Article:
Green on the Inside: Creating a culture of continuous improvement
EVO Magazine - Many companies are becoming involved with providing greener options for clients. What we don’t normally see is how those companies go green themselves, not from the services and products they provide, but from the choices and actions they take in their own business processes.
For example, many employees at Lease Crutcher Lewis participate in Bike Month by biking to work for the entire month of May. To store their bikes at work, they used scrap metal to build a secure rack. But beyond some traditional ways of “saving the planet” Lease Crutcher Lewis has a multitude of other progressive implementations.
Changing the Way Jobs Get Built
A companywide initiative, the Lewis Lean program aims to add value for clients and increase efficiency by focusing on two objectives: minimizing waste and optimizing project delivery. The Lewis Lean Committee meets monthly to share best practices and case studies, and considers new opportunities for improvement, led by Vice President and Lean Committee Chair, Jeff Cleator with participation by people from every profession.
The need for a monthly committee Cleator says is because “we work in an industry that is filled with wasteful practices and processes that focus on individual success at the expense [of compromising the success] of the whole.” Cleator contends that they have “become vigilant about wringing waste out of the traditional construction delivery. We started to use the phrase around the office that we’re changing the way jobs get built.”
Borrowing from the philosophies at the core of the Toyota Production System (TPS), eliminating waste and optimizing delivery, Cleator and others at Lease Crutcher Lewis believe that TPS has broad applications to the construction industry. Applying these concepts to their process improves timelines, lowers costs, reduces injuries and increases profits.
Here is a look at how Lease Crutcher Lewis stays green and lean on the inside:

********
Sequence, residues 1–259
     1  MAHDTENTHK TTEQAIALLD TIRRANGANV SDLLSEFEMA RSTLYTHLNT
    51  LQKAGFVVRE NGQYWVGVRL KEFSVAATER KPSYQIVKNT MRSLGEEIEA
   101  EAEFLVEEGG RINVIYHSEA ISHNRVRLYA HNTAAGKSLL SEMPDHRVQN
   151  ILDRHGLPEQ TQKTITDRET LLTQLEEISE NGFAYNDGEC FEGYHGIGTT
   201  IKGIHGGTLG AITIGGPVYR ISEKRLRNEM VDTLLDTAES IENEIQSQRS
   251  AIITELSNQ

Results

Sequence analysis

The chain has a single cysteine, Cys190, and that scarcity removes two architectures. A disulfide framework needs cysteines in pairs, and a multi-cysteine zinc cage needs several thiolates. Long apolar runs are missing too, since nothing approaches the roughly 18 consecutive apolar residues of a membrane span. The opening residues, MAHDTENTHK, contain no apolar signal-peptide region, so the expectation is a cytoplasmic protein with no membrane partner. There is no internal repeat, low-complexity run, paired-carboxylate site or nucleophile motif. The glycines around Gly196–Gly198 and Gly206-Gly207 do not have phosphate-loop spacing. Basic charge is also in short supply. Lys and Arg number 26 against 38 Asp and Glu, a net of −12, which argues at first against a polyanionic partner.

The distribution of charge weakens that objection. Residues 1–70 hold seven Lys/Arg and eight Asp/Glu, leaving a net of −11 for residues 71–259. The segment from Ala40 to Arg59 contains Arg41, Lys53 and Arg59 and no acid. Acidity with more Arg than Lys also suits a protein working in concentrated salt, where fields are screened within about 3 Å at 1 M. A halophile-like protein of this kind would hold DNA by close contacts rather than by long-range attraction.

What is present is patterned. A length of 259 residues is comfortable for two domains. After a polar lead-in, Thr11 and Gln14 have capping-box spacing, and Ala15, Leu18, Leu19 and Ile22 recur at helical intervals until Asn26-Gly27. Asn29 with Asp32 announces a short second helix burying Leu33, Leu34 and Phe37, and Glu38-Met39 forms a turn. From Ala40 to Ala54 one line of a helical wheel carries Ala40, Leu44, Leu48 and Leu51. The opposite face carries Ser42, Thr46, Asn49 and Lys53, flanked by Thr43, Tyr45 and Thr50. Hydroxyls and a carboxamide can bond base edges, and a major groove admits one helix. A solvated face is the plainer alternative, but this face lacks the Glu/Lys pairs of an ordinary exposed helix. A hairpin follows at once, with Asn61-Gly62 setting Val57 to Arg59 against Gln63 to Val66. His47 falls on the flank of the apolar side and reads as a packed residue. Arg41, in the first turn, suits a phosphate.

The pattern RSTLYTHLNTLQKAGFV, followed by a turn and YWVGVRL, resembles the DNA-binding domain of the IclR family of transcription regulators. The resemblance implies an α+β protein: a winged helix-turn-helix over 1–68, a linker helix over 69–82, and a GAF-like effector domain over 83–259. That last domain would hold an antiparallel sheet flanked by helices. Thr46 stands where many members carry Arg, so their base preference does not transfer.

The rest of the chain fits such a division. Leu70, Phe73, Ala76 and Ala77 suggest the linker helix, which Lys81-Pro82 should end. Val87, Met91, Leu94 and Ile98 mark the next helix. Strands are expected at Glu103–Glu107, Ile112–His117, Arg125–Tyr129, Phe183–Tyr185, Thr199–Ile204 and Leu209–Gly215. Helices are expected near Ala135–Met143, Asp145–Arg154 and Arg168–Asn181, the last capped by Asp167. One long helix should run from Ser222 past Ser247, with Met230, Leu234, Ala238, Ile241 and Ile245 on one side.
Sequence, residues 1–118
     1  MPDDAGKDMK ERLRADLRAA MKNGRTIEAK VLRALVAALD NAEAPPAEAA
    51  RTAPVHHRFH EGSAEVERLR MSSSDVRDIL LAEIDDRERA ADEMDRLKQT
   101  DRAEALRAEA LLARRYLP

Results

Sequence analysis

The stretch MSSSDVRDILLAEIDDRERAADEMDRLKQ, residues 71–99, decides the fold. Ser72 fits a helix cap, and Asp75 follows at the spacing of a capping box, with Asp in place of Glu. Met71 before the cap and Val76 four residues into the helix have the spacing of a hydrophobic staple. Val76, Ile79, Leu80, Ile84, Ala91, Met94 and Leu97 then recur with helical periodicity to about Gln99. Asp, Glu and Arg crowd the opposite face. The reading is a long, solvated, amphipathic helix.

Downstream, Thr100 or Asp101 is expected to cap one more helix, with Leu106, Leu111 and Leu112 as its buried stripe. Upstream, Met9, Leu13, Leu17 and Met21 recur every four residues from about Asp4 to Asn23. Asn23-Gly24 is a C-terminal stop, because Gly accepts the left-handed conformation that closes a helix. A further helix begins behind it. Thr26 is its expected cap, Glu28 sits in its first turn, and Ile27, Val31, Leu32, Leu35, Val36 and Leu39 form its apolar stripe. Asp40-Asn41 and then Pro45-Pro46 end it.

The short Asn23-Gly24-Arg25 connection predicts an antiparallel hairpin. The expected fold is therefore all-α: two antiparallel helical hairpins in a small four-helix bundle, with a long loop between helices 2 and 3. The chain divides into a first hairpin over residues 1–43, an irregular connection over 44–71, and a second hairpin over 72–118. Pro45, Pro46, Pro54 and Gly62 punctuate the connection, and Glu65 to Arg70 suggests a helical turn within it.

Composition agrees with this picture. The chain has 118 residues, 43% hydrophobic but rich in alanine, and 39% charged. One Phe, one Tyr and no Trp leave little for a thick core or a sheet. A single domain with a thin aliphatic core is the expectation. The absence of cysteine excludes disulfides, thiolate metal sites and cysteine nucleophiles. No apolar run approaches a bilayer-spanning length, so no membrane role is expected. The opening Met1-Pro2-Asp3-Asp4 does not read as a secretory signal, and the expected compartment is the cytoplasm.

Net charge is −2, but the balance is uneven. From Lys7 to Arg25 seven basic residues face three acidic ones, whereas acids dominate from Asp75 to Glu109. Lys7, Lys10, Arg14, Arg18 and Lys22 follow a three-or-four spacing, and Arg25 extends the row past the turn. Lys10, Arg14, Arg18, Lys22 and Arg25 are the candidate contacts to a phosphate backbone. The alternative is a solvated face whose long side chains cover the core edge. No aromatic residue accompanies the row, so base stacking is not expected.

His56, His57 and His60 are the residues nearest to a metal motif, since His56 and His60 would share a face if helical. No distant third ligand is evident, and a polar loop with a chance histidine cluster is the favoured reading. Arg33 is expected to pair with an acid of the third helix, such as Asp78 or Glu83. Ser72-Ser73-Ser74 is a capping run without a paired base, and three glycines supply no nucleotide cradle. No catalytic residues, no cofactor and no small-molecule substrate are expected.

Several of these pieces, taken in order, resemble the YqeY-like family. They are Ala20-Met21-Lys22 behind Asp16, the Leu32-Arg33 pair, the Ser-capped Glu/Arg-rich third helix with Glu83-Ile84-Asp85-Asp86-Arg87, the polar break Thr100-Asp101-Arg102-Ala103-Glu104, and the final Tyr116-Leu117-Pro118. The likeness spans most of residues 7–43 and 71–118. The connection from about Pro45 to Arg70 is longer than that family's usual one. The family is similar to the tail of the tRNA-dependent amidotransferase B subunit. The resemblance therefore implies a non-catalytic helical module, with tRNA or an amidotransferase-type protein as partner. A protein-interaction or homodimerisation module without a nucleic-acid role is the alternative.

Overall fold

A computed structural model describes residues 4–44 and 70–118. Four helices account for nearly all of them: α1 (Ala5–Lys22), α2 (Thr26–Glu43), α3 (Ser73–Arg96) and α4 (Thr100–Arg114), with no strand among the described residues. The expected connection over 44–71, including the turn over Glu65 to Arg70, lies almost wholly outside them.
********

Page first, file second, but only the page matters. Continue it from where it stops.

- In the field, project managers and superintendents are implementing practices such as Last Planner scheduling and just-in-time delivery, and using tools like Bluebeam and SharePoint to increase coordination and collaboration.
- Every job site has an active recycling program.
- On most urban construction sites, there is very limited space for truck deliveries. If not coordinated well, trucks must circle the block or sit idling in a parking lane until space is available on site. To avoid congestion and unnecessary pollution, Lewis created a web-based delivery program using Sharepoint software. Vendors can schedule their own deliveries online and be assured that a spot is available for them when they arrive
- They take company-wide field trips to investigate how other companies practice sustainability and their first field trip to the Kenworth Trucking Plant was a revelation. Jeff Cleator says, “It was fascinating to see how Kenworth implemented performance dashboards and pull scheduling, so that’s now a big part of our training.”
- Everybody updates, annotates and reviews drawings digitally using Bluebeam software.
- When there is a need to demolish existing structures, Lewis not only recycles all the concrete, steel and wood, but has developed an impressive salvage program. For example, on a recent apartment demolition project, Lewis created an inventory of items such as cabinets, appliances, etc., that were made available to the public through an online auction and sold or donated before any heavy demolition began (95 percent of the total building was recycled or salvaged).
- They electronically transmit all of their contractual documentation using DocuSign, removing paper waste.
- They have a digital plan center where all of the crews, trades and subcontractors go. Employees know that the latest design documentation is in one place, and there is no updating of multiple sets of drawings with design changes that happen throughout the course of a project.
- Lease Crutcher Lewis continuously reduces the amount of paper companywide and works toward a paperless business model. Carey Smith, Marketing Director, estimates that “Ninety percent of proposal preparation is completed digitally which reduces the cost of printing, toner, maintenance, and other costs.”
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